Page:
Mental health awareness is multi-layered. Education, access to resources, and empowerment-based healing are central to our work. Still in many ways, society has stigmas attached to mental health and mental health-related struggles. Therefore, helping society grow beyond these stigmas is embedded in our awareness efforts.
Addiction is a word that immediately upon hearing it, can bring up shame – for individuals, loved ones, or families. But we do not think this should be the case.
Like many other struggles, addiction often has understandable and identifiable roots. Our brains also have the pathways that can lead us to healing, with the right tools.
Our clinician Teayra Gray specializes in working with clients who have or currently struggle with addiction. We shared a conversation about addiction, what is clinically significant substance use, and the realities of recovery.
“When I begin working with a client who struggles with substance use, they often think back to when their addiction started and express anger, guilt, and shame. Many what if’s can be expressed in our first sessions,” Gray shared.
“What if I had someone to talk to when I was fifteen, instead of thirty-five?” The hopes that change could have happened earlier on in their life or someone who noticed could have spoken up is common.
Teayra shared the eye-opening insight that addiction can go undiagnosed in physician and general practitioner visits. That if an individual answers “No” to a question such as, “As soon as you wake up do you reach for a drink?” they can be considered not struggling with addiction..
This unfortunate truth that sometimes healthcare providers will miss an addiction diagnosis highlights the communal nature of mental health and addiction awareness – and the important roles we play in noticing and caring for loved ones.
What Is Addiction
What we know to be clinically significant substance use is not marked by morning use. “Clinically significant substance use is a pattern of using a substance that causes significant problems or distress.”
Impaired control, cravings, strong urges, or attempts to stop using that fail to decrease or stop use are symptoms of substance addiction. As well as social isolation while using or risky use. Teayra defines risky use as “still using a substance even though it is causing disruptions in one’s life.”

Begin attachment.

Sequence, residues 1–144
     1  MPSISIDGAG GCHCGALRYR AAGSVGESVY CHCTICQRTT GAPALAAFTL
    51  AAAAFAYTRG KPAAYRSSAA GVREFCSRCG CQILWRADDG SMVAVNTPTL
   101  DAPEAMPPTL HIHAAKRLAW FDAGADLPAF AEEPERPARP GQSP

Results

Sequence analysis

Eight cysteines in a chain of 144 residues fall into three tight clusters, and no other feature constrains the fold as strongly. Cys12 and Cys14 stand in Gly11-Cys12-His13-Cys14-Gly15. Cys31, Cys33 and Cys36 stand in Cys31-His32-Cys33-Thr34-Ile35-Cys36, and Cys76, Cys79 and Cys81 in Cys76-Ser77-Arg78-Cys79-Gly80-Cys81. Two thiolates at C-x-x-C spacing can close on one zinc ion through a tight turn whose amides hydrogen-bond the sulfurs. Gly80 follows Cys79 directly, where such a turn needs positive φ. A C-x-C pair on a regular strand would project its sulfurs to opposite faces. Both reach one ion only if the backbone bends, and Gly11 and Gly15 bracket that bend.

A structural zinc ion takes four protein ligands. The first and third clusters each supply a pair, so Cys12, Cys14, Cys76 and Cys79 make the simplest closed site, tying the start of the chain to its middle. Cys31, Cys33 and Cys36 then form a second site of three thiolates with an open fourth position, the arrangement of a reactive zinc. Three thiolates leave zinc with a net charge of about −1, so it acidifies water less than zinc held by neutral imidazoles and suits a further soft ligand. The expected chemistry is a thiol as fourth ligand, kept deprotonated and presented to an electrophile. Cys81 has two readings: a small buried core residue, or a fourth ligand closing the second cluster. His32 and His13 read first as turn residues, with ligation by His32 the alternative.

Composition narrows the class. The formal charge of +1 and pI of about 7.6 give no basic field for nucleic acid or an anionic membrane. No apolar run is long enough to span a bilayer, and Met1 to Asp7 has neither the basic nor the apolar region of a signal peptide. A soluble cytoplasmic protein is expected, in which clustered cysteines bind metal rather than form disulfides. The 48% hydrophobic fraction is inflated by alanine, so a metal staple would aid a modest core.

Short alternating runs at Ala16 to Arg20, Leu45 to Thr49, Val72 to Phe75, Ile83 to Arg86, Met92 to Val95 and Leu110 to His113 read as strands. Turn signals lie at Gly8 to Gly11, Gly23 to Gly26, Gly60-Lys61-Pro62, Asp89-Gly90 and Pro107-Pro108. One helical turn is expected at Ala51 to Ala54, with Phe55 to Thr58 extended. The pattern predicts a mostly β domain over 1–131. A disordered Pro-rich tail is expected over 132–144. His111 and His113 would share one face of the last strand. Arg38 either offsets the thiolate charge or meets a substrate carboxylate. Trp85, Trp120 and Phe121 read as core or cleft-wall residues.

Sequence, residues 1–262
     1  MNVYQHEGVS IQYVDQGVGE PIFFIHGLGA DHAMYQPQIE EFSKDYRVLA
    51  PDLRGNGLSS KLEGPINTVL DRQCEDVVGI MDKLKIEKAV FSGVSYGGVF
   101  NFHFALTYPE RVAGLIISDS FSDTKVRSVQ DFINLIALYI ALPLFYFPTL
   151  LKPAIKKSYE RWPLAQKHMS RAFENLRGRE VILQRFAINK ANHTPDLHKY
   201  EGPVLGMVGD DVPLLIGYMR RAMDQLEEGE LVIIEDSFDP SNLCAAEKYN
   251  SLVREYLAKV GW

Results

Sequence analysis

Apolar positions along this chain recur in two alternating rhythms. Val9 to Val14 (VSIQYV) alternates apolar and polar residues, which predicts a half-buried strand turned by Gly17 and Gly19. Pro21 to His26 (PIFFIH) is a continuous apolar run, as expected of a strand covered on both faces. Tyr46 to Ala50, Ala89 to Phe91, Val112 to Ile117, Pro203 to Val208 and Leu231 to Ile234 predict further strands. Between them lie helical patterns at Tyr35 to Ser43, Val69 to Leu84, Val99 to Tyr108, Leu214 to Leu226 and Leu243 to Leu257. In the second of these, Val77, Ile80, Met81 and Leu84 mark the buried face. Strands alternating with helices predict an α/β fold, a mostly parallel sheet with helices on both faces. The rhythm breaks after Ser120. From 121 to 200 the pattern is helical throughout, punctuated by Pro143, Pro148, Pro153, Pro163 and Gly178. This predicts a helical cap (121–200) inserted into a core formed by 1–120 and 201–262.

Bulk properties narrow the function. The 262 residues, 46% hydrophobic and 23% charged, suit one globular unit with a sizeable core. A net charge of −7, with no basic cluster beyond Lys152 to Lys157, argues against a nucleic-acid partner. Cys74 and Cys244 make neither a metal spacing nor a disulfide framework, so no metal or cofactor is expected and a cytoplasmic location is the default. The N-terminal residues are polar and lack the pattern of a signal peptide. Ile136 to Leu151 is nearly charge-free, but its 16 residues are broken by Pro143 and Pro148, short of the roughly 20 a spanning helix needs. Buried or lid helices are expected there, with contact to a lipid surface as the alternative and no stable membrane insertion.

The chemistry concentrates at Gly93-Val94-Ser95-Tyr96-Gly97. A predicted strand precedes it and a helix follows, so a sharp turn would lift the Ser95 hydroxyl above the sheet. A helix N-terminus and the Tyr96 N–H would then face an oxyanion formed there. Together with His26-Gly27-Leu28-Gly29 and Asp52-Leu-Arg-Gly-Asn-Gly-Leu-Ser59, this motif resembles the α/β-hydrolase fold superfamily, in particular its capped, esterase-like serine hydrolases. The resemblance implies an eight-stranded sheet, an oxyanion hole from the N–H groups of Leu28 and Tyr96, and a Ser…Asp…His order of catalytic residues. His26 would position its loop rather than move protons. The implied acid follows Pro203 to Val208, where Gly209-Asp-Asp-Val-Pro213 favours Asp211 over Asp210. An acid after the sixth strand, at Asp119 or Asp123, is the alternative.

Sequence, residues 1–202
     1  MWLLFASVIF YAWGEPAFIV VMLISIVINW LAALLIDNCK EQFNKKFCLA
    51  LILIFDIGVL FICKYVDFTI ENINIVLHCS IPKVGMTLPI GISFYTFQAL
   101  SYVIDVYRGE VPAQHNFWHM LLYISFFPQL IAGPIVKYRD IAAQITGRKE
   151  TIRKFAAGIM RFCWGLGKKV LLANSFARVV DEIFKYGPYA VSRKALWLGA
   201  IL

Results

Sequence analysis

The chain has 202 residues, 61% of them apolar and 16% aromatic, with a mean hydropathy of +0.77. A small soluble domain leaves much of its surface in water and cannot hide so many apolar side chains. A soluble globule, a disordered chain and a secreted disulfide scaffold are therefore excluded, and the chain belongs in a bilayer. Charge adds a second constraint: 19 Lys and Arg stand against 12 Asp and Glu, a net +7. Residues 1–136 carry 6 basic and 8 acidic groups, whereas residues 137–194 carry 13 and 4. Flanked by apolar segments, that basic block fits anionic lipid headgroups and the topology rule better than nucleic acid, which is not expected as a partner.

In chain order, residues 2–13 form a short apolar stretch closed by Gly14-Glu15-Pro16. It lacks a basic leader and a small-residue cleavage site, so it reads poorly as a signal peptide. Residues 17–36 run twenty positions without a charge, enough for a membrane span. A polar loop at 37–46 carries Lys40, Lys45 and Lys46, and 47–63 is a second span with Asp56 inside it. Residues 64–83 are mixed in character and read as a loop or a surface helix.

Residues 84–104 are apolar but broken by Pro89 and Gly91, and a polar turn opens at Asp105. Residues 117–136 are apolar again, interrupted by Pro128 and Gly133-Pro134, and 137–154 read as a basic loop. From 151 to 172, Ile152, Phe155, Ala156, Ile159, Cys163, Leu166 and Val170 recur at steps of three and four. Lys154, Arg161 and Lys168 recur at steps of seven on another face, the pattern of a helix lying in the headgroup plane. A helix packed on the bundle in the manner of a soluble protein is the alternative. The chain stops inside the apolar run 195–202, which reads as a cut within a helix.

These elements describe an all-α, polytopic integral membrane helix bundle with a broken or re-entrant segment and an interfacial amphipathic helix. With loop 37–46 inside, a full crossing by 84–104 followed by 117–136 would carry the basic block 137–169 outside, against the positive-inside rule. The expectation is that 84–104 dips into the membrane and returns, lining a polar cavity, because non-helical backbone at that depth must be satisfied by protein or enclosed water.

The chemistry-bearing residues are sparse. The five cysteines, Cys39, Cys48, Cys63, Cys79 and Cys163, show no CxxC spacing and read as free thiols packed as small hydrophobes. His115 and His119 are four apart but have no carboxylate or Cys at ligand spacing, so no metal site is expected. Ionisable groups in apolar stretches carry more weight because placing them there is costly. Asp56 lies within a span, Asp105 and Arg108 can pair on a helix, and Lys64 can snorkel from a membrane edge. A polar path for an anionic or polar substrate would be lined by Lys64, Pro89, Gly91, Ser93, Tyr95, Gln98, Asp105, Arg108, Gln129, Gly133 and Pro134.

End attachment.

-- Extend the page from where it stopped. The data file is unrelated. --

When To Ask For Support
Teayra urges anyone who is questioning or concerned about their substance use to seek support. “If you are questioning whether or not you are addicted, you should talk to someone,” she says.
Choosing who to talk to first is often a difficult decision for someone who is struggling. To which Teayra suggests, “talk to someone you trust.” This may mean a therapist or health care professional. This could also be a friend or family member.
It is possible to “experience a response from someone that brings less shame than anticipated,” Gray shared. And this kind of conversation can begin a life-changing trajectory. Talking to someone who is nonjudgemental, open, and caring is a great place to start.
Addiction Is Curable
It is important to raise awareness around the fact that it is possible to heal from addiction. Part of why we are so passionate about nonverbal therapies is because of their ability to help people change stubborn patterns, behaviors, or thought processes.
EMDR is shown to be effective in helping some individuals heal from addiction. Though the substance is “likely something an individual will be aware of for the rest of their life,” Teayra noted. Years into recovery, the cravings and symptoms of addiction will not dictate and inhibit an individual’s quality of life.
Therapy can help empower them so that they are in control.
Realistic Recovery Expectations
Shame can accompany recovery, even on the best of days. Having a realistic perspective about what recovery from addiction can look like helps an individual and those in their support system.
- Recovery is not linear – Some days it feels like you are taking leaps and strides. During others, it feels like you are regressing. Both of these can be true.
- Relapse can be part of the process. If it happens, this does not mean you have failed. Each time you relapse, you can also learn something about yourself and what you need on your healing journey. Then, take this lesson with you into your next stage of recovery.
- Be patient with yourself. No one wakes up one day and says, “I think I am going to be addicted to something.” Addiction is not your fault. There is something else under your struggle. A big part of recovery is getting to that root and healing from it.
- Recovery is possible. Hearing other people’s stories of healing can be uplifting and help you believe in your own process. Our Resilient Brain Project has a wealth of resources, stories, and tools for those struggling with addiction.
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About The Authors:
Teayra Gray is a clinician at The Viva Center in Washington, D.C. She applies EMDR, Brainspotting, and other trauma-informed approaches to help clients heal from depression, addiction, women’s issues, and more.